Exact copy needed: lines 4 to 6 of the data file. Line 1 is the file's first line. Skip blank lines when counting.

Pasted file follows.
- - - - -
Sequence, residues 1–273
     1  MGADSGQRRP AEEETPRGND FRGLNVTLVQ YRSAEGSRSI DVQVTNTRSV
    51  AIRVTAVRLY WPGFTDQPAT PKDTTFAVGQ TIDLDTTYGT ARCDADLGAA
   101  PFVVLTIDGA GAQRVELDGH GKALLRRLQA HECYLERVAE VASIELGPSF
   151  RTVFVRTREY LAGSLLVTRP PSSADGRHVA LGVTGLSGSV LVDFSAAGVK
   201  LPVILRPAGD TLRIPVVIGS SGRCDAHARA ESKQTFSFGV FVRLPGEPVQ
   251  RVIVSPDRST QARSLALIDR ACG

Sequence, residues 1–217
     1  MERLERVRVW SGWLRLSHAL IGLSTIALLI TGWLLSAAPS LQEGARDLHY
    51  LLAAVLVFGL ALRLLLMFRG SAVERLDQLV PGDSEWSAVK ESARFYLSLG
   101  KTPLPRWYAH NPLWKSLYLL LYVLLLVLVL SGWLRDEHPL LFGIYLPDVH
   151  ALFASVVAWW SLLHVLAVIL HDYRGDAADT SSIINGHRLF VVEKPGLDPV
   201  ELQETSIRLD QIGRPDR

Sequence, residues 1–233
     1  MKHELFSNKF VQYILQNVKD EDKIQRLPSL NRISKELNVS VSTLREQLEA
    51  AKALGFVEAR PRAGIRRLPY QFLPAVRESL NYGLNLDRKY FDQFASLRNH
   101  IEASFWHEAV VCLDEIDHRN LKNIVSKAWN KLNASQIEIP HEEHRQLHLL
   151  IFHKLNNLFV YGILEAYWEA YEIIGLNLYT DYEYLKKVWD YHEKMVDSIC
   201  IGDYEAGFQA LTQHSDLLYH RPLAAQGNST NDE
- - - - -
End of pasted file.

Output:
   101  PFVVLTIDGA GAQRVELDGH GKALLRRLQA HECYLERVAE VASIELGPSF
   151  RTVFVRTREY LAGSLLVTRP PSSADGRHVA LGVTGLSGSV LVDFSAAGVK
   201  LPVILRPAGD TLRIPVVIGS SGRCDAHARA ESKQTFSFGV FVRLPGEPVQ